It is week two of The Great British Bake Off, and it is crunch time as Paul and Mary set the bakers three biscuit challenges.
The bakers start with a signature challenge, but who will snap first with just a few hours to make 24 identical decorated biscuits?
Hidden under the gingham cloth is a technical challenge that requires perfect piping to avoid a crumbling whirl.
Sue Perkins drops in for tea and history as she discovers the etiquette of dunking biscuits, from Victorian high society right back to Greek survival biscuits.
The final showstopper challenge requires precision baking to build a biscuit structure that reveals a little more about each of the bakers.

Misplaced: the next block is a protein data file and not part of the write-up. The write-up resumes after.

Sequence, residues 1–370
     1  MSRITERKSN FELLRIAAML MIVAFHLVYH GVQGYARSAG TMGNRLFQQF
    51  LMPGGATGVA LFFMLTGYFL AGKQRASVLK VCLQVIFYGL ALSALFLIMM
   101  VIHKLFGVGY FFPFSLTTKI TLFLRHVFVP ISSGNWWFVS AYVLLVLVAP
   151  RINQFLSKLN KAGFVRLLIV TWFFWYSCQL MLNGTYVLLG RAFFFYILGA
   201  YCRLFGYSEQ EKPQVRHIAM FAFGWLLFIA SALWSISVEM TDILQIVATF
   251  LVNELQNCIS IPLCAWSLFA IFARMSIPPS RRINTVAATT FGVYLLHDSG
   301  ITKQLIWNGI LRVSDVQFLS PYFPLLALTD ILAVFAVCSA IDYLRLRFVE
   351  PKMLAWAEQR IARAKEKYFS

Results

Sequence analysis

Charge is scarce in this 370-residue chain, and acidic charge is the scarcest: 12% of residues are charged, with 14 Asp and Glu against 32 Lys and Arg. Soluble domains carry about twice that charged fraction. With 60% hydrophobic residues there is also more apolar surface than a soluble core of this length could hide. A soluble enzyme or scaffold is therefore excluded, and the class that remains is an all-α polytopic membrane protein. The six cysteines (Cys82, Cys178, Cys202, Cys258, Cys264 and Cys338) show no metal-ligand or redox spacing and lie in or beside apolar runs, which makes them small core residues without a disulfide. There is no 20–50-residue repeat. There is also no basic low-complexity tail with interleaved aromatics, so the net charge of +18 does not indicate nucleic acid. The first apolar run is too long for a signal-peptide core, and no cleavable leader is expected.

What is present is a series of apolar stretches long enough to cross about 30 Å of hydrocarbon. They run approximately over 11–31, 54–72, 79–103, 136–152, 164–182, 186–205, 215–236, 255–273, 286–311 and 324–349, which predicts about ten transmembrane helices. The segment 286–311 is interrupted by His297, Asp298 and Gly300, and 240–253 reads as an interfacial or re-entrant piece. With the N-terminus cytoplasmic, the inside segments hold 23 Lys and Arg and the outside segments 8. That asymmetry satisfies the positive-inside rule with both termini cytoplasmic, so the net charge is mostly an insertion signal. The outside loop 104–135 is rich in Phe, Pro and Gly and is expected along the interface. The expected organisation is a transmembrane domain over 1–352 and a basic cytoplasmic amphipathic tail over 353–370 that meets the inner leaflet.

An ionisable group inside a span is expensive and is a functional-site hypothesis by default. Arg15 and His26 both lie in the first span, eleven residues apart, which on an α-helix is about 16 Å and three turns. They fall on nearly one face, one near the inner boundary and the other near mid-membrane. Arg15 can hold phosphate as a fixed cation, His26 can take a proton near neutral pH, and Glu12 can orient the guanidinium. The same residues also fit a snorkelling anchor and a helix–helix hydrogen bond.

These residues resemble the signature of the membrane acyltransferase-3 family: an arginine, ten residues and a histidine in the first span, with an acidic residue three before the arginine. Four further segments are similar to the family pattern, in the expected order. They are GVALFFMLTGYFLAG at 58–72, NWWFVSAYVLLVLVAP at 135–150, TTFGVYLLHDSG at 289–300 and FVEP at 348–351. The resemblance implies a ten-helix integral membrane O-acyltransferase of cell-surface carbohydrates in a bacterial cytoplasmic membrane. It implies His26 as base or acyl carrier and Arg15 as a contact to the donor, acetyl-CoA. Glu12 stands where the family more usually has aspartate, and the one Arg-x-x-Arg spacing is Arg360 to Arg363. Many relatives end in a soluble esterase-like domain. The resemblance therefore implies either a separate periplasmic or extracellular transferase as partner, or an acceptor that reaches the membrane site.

It is bread week, and Paul Hollywood has put together three of the toughest challenges ever. First up is the signature challenge - a sweet dough with a twist. And with Paul's digits primed for prodding, no dough is safe from scrutiny.
The bakers then face a steamy technical challenge without an oven, as Paul and Mary step out of the tent to leave the bakers with only a basic set of instructions and ingredients. For the perfect bake they have to avoid a burnt bottom and a soggy top.
Mel heads to Germany to discover how one brave baker and a few hundred dumplings saved his small town from the ravages of the Thirty Years' War.
And there is a mighty final challenge which requires the use of three different flours to create a huge showstopper centrepiece.